I used to be able to afford to go to restaurants. Yes, it was a treat, but it was just about doable, and though it was never a pleasure to be presented with the bill, it didn’t leave you reeling from shock and buyer’s remorse.
The schnitzel in my favourite London restaurant has gone up from £12 to £20 for the small one and from £22 to £33 for the normal-sized one. Meanwhile, restaurants and pubs all over Britain no longer offer a mere hamburger. It has to be called a ‘short rib and flank burger, smoked Applewood Cheddar, shallot marmalade, garlic aioli and skin-on fries’ to justify its £17.50 price tag.
Recently, I foolishly ordered a cheese soufflé before I realised it costs £27 (or ‘27’ as they put it on menus these days, leaving out the pound sign to disguise the fact that this is a rash financial transaction). First courses cost what main courses used to ten years ago. Asparagus is £20 at Scott’s. Tea at the Dorchester, which I remember being just within the bounds of the imaginably affordable as a dream pre-Christmas treat in 2008, at £30 per person, is now £75: not worth it, surely, for a feeling of bloatedness over unfinished scones in the Orchid Room.
And how much worse is the moment of bill-arrival about to get? James Robson, the co-founder of Fallow in St James’s Market in London, has predicted gloomily that because food prices are rising by between 10 and 50 per cent, customer bills will have to go up by between 20 and 40 per cent this year. But it’s not only food prices. Think of the cost of cooking, heating and restaurant staff as well, especially at a time when waiters and washers-up are becoming impossibly hard to find.
As for rents, look up ‘restaurant rentals London’ and you’ll see it costs £175,000 a month to rent a place on the South Quay Plaza in E14. The landlords are desperate for the restaurants’ money, and the restaurants are desperate for ours. But that doesn’t mean I can afford to pay it.
Perhaps the real rich will always want to eat out. I tried to book tables for tomorrow evening at both Colbert and the Ivy Asia in Chelsea, just out of curiosity (six pieces of salmon sushi at the Ivy Asia cost £16.75), and they were fully booked except at the unfashionable hour of 5.30 p.m. So diners are still flocking in. I envy them, and wonder how on earth they can afford it – unless it’s on expenses.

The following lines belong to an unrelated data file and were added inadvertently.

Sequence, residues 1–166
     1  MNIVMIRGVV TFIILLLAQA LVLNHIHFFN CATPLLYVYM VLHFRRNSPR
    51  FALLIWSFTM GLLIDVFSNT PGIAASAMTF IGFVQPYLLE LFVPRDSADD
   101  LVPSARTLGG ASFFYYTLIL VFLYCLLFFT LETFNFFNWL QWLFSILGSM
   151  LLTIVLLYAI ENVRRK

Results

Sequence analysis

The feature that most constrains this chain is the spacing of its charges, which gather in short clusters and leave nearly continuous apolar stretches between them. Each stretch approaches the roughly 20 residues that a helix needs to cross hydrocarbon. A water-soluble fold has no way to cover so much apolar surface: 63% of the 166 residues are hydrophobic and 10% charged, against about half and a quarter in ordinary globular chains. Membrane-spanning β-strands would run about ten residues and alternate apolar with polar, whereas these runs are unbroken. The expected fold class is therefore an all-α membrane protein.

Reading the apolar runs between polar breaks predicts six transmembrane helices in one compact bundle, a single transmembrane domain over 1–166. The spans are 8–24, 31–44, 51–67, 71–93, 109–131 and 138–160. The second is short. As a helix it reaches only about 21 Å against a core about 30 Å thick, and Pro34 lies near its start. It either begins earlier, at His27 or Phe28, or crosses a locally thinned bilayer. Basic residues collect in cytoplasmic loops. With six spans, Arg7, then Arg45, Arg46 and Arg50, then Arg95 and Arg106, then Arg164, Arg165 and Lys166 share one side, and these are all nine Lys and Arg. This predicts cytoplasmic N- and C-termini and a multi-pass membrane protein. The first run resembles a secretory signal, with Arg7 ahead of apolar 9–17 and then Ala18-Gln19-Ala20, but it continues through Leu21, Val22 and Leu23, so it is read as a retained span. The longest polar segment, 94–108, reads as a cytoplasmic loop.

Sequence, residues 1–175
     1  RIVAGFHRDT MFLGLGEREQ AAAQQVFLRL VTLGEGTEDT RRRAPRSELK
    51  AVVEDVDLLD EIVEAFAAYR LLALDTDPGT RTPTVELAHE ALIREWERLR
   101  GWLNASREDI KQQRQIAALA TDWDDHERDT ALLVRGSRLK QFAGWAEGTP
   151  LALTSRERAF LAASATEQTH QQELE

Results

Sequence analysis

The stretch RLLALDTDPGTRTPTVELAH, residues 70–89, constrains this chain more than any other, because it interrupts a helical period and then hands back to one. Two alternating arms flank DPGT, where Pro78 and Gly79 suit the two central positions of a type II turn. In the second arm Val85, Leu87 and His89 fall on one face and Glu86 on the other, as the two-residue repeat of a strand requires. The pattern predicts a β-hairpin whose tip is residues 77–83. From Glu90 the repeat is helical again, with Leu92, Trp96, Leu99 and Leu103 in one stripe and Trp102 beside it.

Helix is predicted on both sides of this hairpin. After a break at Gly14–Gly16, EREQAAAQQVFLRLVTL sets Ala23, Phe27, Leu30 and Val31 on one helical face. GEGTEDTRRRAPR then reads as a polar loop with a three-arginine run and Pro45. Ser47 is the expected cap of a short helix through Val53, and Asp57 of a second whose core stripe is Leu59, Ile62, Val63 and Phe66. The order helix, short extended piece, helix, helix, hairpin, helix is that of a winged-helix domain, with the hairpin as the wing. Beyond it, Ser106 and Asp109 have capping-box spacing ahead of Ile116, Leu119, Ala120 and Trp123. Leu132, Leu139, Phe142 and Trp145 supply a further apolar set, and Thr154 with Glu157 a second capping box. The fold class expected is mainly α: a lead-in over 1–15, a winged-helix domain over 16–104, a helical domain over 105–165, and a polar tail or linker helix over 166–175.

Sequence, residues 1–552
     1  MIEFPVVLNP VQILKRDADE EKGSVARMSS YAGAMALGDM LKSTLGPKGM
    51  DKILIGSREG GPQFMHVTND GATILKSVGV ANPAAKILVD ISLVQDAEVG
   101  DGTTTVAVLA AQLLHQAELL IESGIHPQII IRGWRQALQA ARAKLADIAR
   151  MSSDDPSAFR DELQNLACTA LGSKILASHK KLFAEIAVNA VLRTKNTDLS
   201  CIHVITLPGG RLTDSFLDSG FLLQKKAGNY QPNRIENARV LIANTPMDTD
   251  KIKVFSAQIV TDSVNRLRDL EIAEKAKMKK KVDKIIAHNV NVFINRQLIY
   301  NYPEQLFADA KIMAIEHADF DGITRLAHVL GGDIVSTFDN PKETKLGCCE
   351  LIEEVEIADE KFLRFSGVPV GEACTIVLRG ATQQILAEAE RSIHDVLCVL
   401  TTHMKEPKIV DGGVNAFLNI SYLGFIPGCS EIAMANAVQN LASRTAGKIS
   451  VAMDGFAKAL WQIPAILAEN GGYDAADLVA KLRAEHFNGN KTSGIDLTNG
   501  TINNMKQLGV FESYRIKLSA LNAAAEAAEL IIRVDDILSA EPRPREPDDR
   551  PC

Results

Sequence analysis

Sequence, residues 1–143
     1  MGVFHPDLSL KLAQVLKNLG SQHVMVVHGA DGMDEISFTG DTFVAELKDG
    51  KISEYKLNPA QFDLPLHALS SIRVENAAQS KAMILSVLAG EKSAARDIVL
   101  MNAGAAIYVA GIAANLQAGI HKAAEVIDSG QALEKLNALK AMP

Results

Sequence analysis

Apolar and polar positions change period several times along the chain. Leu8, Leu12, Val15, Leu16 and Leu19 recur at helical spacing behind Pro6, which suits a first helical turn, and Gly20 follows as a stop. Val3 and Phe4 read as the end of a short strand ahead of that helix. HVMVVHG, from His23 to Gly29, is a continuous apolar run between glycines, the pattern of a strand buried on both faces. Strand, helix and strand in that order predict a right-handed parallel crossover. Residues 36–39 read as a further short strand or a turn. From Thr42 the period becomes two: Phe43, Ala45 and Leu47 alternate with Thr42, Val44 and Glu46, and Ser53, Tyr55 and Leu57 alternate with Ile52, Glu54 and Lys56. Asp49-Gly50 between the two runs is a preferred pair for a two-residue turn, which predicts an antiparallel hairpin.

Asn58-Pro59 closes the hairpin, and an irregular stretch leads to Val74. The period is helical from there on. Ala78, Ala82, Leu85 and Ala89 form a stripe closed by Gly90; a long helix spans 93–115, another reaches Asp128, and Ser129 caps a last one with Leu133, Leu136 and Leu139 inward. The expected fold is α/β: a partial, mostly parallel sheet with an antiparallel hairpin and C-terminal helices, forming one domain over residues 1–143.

‘Cue tiny violins,’ some will say, sarcastically and rightly putting my howl of anguish into perspective during the cost-of-living crisis. Nonetheless, it’s sad if restaurants have to go the way of school fees and West End plays – beyond the bounds of acceptable for the instinctively careful common-sense classes who after all that time eating lockdown pasta have surely earned the odd meal out.
It’s not even really the food I’ll miss. I wish you could go to a restaurant for every-thing except the food – because the best parts are sitting down, the white tablecloth, the bread and butter, the ice-cold white wine (although you have to wait 20 minutes for it to arrive), and the thrilling sense of possibilities that studying a menu gives. I even like the chocolate-covered mints served up with the bill hidden in its brown leather wallet, aimed to soften the blow at our local Indian. But I’ve learned to cook homemade curry at a fifth of the cost, and it seems mad to spend the price of an Airbnb minibreak in Italy on taking the family there, however much I crave the onion bhajis.
I was brought up in the 1970s and my sister and I used to get so overexcited on the day of going to a restaurant that we had a tummy ache and couldn’t enjoy it. So perhaps we’re now going back to that era, and family restaurant-going must once again be a vanishingly rare event.
Instead we’ll have to learn to avert our eyes from restaurants for fear of temptation, as we learned to do with hotel telephones and minibars, and simply fantasise about the joy-sparking moment of sitting down at a candlelit table in the hubbub of other people having a lovely time.
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SPECTATOR.CO.UK/podcasts Ysenda Maxtone Graham and Rory Sutherland on the cost of eating out.
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